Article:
Henna Valppu, University of Oulu (Finland)
Kari Strand, University of Oulu (Finland)
Antti Huusko, University of Oulu (Finland)
Juho Junttila, University of Tromso (Norway)
Tuija Vähäkuopus, Geological Survey of Finland (Finland)
The East Antarctic Ice Sheet (EAIS) behaviour in response to global temperature changes is under discussion today. Recent studies have shown that it has varied from a polythermal, dynamic condition to a predominantly cold stable state starting throughout its history. This presentation aims to give additional information of the glacial behavior of EAIS based on clay minerals occurrence and sediment physical properties since middle Miocene when the Earth's climate started cooling dramatically.
We will present examples of use of spectral analysis related to sediment physical properties including magnetic susceptibility and gamma-ray attenuation porosity/density evaluation (GRAPE) and clay mineral distribution of Ocean Drilling Program Site 1165 on the continental rise, proximal to EAIS off the Prydz Bay. Site 1165 records the number and timing of late Neogene glacier ice expansions to the shelf edge, extending back to the earliest Miocene times (c.a. 22 Ma). This study examines existing data on the sediment column of Middle Miocene age (between 150-330 metres below sea floor) with comparison to Plio-Pleistocene record.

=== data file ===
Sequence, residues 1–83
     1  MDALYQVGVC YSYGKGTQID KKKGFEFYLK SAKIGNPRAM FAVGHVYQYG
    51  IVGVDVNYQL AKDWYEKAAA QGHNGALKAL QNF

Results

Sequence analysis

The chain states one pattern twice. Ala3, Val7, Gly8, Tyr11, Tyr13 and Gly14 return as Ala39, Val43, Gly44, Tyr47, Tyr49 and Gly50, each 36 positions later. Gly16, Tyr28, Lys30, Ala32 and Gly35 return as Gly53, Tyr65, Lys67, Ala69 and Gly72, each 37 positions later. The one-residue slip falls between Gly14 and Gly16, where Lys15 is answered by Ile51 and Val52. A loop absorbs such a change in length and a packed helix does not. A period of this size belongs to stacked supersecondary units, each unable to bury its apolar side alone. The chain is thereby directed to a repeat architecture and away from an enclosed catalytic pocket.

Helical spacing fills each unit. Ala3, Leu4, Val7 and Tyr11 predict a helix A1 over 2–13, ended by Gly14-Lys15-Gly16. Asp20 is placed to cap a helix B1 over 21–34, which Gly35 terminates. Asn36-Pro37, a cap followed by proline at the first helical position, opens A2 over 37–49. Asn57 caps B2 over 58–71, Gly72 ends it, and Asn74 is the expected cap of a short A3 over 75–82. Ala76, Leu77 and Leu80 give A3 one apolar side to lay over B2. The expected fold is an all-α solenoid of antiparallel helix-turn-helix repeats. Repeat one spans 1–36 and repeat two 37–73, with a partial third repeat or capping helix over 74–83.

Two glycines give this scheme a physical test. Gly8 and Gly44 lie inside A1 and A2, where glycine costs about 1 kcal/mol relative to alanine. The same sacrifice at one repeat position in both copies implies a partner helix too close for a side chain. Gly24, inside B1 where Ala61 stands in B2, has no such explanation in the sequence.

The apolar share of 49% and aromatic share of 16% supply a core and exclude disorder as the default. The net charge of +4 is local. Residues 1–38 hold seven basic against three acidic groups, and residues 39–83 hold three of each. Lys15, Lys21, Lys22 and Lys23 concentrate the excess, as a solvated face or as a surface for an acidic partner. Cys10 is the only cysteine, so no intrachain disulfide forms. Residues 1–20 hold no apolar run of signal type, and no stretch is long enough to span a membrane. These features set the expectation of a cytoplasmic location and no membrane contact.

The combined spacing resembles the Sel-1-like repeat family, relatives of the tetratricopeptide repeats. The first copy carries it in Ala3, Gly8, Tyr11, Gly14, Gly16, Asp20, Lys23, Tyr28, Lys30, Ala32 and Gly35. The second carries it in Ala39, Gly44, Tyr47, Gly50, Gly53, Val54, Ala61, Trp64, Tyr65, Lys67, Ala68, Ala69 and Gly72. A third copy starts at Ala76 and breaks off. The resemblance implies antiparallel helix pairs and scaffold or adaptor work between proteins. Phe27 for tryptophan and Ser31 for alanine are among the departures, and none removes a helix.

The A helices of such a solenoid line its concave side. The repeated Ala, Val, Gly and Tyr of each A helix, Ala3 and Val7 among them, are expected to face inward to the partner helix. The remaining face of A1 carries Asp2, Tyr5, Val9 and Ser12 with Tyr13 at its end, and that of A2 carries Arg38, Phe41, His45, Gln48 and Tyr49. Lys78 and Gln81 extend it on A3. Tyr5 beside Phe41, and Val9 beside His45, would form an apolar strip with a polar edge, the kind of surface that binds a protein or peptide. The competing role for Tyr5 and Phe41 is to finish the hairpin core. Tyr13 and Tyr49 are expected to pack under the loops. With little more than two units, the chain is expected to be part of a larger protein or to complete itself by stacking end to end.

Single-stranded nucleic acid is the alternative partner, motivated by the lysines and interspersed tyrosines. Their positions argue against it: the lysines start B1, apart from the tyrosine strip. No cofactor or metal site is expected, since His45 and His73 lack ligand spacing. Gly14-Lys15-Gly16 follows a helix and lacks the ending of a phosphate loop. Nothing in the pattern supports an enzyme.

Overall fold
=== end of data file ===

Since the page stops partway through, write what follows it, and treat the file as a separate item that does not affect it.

By comparing clay mineral occurrence and physical properties with the general southern ocean oxygen isotope curves we aim to find more evidence on the dynamic behaviour of the East Antarctic Ice Sheet since Middle Miocene and see how sediment physical properties respond to growth and retreat of the EAIS. Increasing illite and decreasing smectite content supports the general cooling trend after middle Miocene thermal optimum. Illite is showing correlation with magnetic susceptibility and grape density. This supports the fact that illite is a typical product of physical weathering and glacial transport. In the Early Pliocene the content of smectite mineral tends to dominate the clay fraction frequently suggesting intervals of more open, warmer water than today. In the Middle Pliocene the increasing smectite and decreasing illite content suggest that the ice sheet at that time may have been more dynamic than in general during the Pleistocene.